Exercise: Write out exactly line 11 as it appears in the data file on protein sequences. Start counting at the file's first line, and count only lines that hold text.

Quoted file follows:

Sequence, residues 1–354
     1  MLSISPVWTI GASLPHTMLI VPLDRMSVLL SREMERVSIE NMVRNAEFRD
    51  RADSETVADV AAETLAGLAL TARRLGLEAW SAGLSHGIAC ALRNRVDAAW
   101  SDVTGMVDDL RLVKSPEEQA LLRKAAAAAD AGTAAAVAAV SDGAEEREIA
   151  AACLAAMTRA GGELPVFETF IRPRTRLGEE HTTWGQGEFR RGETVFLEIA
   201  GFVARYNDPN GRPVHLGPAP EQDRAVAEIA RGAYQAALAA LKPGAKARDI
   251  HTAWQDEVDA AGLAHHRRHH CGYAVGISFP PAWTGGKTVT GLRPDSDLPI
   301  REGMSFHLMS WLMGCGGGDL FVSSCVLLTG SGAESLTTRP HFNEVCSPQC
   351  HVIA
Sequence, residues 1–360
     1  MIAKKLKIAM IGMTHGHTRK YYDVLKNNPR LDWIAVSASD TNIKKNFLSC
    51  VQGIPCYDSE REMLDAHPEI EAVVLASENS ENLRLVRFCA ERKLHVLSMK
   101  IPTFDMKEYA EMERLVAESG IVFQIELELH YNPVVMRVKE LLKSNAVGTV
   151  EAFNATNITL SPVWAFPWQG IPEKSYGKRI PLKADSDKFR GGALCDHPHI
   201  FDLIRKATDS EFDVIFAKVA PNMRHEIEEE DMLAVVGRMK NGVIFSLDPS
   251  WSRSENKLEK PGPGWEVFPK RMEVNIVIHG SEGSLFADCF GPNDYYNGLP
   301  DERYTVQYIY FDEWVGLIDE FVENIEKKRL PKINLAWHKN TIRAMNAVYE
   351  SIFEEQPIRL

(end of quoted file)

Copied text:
     1  MIAKKLKIAM IGMTHGHTRK YYDVLKNNPR LDWIAVSASD TNIKKNFLSC